Excel obviously has far fewer columns than rows, so keep things simple by using the columns for the fields and the rows for the individual records.

 If you follow these guidelines, you will easily be able to use the powerful built-in features that require organized data and a logical layout. Organization = Simplification = Information.

 I wish you the best of times during the holiday season! ~Bob

Thursday, December 12, 2013

Your New Default Template

As most all of know, the Default number format in Excel is General. There is nothing wrong with that, of course, but if you find that you a regularly doing work which requires a different format, you can Save Time (and a little frustration, perhaps) by changing the Number Format in the Normal style.

Let’s say you work in an accounting department and, for the sake of formality, you prefer to use the Currency option for formatting your worksheets. You can set this up manually each time, or you can utilize the convenient Templates feature found in Excel, as well as other MS Office applications.

Here is the Suggested Approach for Our Accounting Professional:

1.   Open a blank worksheet in Excel

2.  Go to the Styles gallery on you Home ribbon

3.  Right-click the Normal style and choose Modify to display the Style options

4.  Click the large Format button, and make the new formatting choices you desire

Save as a Reusable Template

1.  Once your number (as well as any other changes) format changes are made, simply click on the File tab and choose Save As.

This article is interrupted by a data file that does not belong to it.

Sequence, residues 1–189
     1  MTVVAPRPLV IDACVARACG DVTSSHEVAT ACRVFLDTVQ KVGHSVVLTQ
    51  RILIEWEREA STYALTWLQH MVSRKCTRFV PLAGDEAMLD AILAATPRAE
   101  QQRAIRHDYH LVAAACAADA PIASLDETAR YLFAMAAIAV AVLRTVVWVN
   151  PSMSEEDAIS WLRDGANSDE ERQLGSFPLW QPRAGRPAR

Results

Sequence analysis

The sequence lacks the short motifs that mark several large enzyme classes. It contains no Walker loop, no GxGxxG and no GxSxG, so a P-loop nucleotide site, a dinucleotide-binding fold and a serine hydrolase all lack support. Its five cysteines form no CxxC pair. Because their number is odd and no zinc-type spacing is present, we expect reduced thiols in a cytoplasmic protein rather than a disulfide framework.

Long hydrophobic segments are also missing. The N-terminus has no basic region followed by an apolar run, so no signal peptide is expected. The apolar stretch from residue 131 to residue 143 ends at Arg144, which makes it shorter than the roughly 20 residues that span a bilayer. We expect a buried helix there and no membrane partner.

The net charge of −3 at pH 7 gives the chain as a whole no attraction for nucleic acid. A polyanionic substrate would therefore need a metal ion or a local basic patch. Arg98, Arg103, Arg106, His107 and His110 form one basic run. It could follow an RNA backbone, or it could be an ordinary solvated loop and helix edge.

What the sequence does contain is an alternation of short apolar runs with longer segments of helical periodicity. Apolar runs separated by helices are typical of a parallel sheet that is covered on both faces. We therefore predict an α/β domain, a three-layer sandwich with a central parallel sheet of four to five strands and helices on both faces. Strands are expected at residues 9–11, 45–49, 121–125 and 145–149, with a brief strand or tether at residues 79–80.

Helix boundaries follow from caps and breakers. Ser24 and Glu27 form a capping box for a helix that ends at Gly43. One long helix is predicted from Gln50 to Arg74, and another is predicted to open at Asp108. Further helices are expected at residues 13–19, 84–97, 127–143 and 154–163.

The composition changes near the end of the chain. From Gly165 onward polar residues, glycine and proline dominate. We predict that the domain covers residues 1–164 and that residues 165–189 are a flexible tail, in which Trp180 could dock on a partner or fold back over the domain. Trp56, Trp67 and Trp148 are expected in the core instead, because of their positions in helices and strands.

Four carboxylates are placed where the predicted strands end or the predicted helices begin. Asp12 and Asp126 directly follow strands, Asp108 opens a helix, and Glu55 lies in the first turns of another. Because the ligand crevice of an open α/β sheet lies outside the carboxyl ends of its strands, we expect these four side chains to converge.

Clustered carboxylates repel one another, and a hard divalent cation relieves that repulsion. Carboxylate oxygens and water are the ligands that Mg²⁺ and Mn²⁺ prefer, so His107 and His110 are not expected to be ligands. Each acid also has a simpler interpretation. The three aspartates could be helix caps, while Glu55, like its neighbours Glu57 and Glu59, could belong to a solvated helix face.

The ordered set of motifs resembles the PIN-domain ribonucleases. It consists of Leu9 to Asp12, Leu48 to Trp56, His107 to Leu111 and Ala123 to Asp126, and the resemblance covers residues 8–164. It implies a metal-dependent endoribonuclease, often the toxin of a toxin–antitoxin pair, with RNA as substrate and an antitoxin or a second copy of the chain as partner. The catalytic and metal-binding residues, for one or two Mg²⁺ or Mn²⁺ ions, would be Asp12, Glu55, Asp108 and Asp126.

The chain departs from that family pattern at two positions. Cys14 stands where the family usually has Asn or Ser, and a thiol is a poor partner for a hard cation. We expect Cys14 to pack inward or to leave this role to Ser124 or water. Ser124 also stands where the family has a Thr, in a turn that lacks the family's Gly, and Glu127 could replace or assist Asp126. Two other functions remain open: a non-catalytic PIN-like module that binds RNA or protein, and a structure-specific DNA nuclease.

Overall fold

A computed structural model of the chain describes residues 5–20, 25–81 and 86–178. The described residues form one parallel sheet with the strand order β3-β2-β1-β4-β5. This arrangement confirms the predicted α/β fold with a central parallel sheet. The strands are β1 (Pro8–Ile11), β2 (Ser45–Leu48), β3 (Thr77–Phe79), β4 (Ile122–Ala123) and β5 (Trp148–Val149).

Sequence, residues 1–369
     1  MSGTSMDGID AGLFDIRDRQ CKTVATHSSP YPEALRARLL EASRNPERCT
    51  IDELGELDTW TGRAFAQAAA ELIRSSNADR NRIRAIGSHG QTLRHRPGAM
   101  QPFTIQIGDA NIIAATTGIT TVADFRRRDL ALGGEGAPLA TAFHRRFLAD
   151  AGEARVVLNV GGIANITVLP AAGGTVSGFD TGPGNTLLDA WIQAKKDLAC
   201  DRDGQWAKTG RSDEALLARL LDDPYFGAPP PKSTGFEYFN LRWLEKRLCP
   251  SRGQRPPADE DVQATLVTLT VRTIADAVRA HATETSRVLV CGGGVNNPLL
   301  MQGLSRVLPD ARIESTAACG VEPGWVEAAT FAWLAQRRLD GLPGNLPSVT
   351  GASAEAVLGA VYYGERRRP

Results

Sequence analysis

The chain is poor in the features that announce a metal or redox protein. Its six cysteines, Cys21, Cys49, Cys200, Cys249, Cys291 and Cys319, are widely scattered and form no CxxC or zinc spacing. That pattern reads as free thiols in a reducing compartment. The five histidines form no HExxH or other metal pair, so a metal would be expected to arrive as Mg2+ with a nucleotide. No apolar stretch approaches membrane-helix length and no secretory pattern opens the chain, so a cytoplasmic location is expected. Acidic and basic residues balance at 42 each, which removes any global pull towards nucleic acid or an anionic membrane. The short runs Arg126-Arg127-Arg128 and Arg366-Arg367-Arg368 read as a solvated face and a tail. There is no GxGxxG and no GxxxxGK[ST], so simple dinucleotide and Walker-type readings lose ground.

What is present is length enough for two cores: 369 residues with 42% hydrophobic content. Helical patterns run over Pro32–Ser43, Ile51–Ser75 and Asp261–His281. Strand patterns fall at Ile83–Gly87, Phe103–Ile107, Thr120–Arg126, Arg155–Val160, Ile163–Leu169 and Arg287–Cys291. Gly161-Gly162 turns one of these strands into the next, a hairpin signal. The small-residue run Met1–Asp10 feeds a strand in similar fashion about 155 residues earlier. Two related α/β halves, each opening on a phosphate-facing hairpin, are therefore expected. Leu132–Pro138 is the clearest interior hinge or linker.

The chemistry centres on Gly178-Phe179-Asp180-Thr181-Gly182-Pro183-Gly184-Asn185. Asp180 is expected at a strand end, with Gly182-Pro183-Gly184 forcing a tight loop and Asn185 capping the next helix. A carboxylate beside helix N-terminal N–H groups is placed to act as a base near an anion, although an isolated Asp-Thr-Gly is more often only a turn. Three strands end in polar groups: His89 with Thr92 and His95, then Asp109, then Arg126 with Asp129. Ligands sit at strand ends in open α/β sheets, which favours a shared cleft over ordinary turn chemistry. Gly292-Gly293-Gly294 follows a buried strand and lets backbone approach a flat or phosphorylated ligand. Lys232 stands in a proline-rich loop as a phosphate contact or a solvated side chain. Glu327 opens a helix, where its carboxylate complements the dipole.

2.  Type in the File name of your choice (e.g. AccountingTemplate1) and for the Save as type, choose Excel Template (*.xltx)

Now whenever you wish to create a new workbook, your new AccountingTemplate1 will be readily available under PERSONAL templates when you open Excel.

You will be Saving Time every time you set up a new workbook of this type; and How Cool is That!

Thursday, December 5, 2013

Staying Current with Currency

It can be interesting to see which Excel topics are the most popular over a span of years. Perhaps ever-increasing globalization accounts for the attention paid to downloading Currency Rates into Excel. This topic alone has gotten over 2,000 hits on this humble site in the last two years.

Excel 2013 Update:

Somewhat curiously, however, it is not quite as easy to access and download the MSN Money Central currency data with Excel 2013 as it was with earlier versions. Although that is the case, a Few Easy Steps is all it takes to import this information into the current Excel version. Here is

What You Do in Excel 2013:

1.   Open a new workbook and select cell A1

2.  Access the Data ribbon, go to Get External Data, and click on From Web

3.   Paste the following link into the Address textbox:

4.  When you click on the Import button in the lower right, you get the following dialogue box:

5.   By clicking on the Properties… button in the lower-left, you can choose to Save Query Definition and Refresh every 60 minutes (or however long you choose…)

6.  Click OK

Now you will get the Current Currency Rates whenever you open this workbook. Pretty Cool, eh? Let’s see, as of this writing, you can get approximately 62 Indian Rupees for 1 US Dollar.

  Sounds like it is time to do a little traveling!